Wednesday, February 29, 2012

Happy Leap Day!


We had snow. Not a lot but just enough to make the morning commute treacherous. T-Man now regrets trying to drive to work when he could have stayed home and worked from here. By the time he figured that out he was halfway there. Life is like that sometimes, isn’t it?

Meanwhile I’ve been musing as I’ve been sewing on my next bra. Hoping that this one will actually fit, though I’ve already found a slight glitch in my pattern adjusting. Not a fatal one though. An odd angle on the cup side under the arm. It lines up fine flat but when it’s sewn together, not so much. It’s a 3-D issue. I’m not good at 3-D thinking. My brain works much better in 2-D. Yeah, I know. I somehow manage to get stuff to fit a 3-D body anyhow. Not sure how that happens. I think it’s a magic trick.

I also had problems with cutting out the next bra from the 2 kits that I got from Bra-Maker’s Supply. I was trying to get as many bras as possible but now that I’ve resized the cups, I can’t get 2 from each kit like I thought. Dang and blast. And I am really good at 2-D puzzle fitting too. Yes I know the intention was only for one bra per kit but the fabric pieces were big enough that I was hoping for more. So I’m making one that is brown and black so I can at least have 3 new bras. The cups and straps are black and the band is brown. It doesn’t look too bad actually. But then I haven’t attached the mauve elastics yet! And the magenta channelling. Yes, this is another Franken-Bra. Yay! Trust me – nobody will notice. However I’m still afraid to commit to the Real Thing, can you tell? I also need more wires.

In a way, I can hardly wait until I’m finished with the bra-making nonsense. I want more clothes. Something relatively easy to sew would be nice. Bras aren’t large garments but they are fiddly and use a lot of thread. Not to mention several different fabrics, elastics and hardware. No wonder the ready-to-wear ones are so pricey. Every seam costs.

Too bad that while they’re at it they can’t come up with a better sizing system for bras. It’s just not working for most women. ’Splain to me why we have to add 4 (or 5) whole inches to our under-bust measurement? Why not just use the measurement as it is? My size 36 bra band measures 32” just as my under-bust does. There is no 36” measurement there, unless you are considering my high-bust which is (surprise!) 36”. But that part of a bra that goes over the high-bust isn’t a straight or defined line - plus there’s a lot of stretch involved - so that measurement is kind of irrelevant. What doesn’t change much even if you gain or lose weight is your ribcage. So the under-bust is a pretty stable place to start sizing from. What’s wrong with using that number as it is? Why do we have to do an arcane mathematical dance instead? Who the heck came up with this?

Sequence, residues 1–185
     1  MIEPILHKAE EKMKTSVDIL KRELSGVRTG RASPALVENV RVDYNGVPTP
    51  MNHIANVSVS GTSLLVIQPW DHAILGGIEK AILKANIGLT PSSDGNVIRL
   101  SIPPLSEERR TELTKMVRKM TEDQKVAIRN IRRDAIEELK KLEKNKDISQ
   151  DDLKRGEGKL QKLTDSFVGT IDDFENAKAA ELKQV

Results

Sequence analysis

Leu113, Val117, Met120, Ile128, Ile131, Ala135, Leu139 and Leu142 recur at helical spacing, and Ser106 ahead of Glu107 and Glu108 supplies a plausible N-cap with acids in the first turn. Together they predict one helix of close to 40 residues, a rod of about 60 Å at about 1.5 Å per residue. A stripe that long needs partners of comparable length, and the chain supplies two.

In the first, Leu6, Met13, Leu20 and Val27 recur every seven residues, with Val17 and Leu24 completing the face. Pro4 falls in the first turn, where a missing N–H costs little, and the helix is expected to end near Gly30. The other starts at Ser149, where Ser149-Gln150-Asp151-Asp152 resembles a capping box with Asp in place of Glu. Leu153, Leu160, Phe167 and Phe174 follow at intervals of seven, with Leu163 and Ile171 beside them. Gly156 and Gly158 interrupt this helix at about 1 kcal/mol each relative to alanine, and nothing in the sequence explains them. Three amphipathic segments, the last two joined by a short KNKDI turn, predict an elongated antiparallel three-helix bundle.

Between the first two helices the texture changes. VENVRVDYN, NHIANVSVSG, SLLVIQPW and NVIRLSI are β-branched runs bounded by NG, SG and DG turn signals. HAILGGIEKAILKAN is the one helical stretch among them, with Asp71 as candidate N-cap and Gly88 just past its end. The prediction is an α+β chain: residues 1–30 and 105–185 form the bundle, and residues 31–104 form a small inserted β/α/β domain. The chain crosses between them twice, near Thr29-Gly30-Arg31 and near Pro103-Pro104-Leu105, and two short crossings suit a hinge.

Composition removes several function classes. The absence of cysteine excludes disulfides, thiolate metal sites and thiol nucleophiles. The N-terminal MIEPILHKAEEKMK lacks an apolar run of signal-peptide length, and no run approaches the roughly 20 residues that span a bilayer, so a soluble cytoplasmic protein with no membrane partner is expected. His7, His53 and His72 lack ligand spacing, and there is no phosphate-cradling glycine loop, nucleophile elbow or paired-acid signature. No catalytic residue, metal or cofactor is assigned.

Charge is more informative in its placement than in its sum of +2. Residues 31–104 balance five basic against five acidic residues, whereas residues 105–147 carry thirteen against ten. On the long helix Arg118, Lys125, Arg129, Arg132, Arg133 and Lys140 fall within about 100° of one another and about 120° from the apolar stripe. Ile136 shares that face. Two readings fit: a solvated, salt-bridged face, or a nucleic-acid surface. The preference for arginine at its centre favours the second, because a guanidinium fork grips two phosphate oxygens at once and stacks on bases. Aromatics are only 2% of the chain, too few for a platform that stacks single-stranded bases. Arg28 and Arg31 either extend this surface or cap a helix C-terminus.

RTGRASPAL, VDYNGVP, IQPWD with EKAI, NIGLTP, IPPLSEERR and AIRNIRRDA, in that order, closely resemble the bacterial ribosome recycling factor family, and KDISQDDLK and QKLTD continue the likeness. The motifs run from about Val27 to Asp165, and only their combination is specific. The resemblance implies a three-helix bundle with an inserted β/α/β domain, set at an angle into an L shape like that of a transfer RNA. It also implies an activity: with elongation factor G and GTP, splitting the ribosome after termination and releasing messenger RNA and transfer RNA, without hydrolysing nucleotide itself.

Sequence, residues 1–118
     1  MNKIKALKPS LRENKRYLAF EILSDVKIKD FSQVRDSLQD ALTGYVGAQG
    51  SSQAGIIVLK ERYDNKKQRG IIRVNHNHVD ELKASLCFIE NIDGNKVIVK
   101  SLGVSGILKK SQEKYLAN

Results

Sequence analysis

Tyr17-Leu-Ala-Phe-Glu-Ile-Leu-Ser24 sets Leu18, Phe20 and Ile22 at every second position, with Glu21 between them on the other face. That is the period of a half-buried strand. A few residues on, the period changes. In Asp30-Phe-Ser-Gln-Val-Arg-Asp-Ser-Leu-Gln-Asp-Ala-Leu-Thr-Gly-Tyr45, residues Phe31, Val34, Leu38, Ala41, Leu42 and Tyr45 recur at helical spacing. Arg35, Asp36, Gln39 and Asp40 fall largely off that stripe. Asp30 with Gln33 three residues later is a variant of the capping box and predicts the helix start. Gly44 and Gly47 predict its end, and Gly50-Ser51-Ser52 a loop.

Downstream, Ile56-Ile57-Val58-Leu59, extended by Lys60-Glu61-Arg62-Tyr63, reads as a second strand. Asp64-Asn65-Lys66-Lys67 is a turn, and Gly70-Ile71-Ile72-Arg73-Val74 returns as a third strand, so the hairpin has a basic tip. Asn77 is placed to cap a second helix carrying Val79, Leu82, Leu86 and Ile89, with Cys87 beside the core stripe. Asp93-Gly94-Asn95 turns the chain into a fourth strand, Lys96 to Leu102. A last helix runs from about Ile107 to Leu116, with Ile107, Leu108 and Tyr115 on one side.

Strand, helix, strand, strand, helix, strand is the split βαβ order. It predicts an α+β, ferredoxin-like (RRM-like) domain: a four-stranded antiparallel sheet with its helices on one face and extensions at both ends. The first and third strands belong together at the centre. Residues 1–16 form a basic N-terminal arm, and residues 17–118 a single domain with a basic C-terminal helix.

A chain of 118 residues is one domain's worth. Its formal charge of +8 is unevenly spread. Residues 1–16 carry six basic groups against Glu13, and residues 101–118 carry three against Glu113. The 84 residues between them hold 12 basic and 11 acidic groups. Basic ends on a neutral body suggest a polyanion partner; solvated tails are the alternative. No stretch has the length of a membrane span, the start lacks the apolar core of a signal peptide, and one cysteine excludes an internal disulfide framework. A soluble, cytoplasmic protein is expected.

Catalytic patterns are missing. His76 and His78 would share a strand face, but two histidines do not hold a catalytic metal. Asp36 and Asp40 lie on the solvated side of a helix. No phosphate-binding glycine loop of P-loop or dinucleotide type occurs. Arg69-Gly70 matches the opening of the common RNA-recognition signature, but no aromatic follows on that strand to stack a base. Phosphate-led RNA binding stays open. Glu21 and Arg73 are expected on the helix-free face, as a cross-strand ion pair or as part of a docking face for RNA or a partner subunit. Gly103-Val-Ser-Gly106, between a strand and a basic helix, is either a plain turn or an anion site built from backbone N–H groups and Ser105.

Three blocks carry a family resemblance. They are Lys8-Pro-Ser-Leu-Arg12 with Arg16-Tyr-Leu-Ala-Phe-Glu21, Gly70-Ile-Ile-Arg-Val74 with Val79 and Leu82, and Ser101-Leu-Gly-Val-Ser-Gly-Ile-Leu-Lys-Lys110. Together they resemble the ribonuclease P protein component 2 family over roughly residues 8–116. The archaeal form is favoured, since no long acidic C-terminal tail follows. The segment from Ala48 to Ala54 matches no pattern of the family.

Then there’s the cups. Now that’s a fluctuating and hard to measure area on a woman’s body! The method of just trying on bras until you find one that fits just won’t work when you are sewing your own. You can’t try it on until it’s pretty much done! Even using “test cups” doesn’t really work. It’s like (pardon the simile) trying to nail jello! Ouch! So we poor sewers (sewists? seamstresses? corsetiers?) are stuck with sewing and testing and sewing and testing until we get something right. And then it changes with a different pattern or different fabrics or different elastics. Or we gain or lose weight or get pregnant. Yikes! Crazy. I’m still trying to do it though. I like a challenge.

So what is it about body image for us women anyway? So many of us hate how we look. We’re unhappy about some area of our anatomy that displeases us. Aren’t we just being overly influenced by the media? The media that’s always trying to tell us something is wrong so they can sell us something to “fix” it? So hard to be strong and ignore it all and just be ourselves, isn’t it? We are what we are. There’s only just so much that we have control over. We can diet and exercise (or get cosmetic surgery – ick!) but anatomy, genetics and age have the rest of the control. Get over it already. How can you hate any part of your beautiful self? After all, how can you ask others to love you if you don’t love you? All of you. Lumps, bumps and grey hairs. I only get annoyed when parts don’t work the way they’re supposed to. Right now most of me is cooperating pretty well. <touch wood>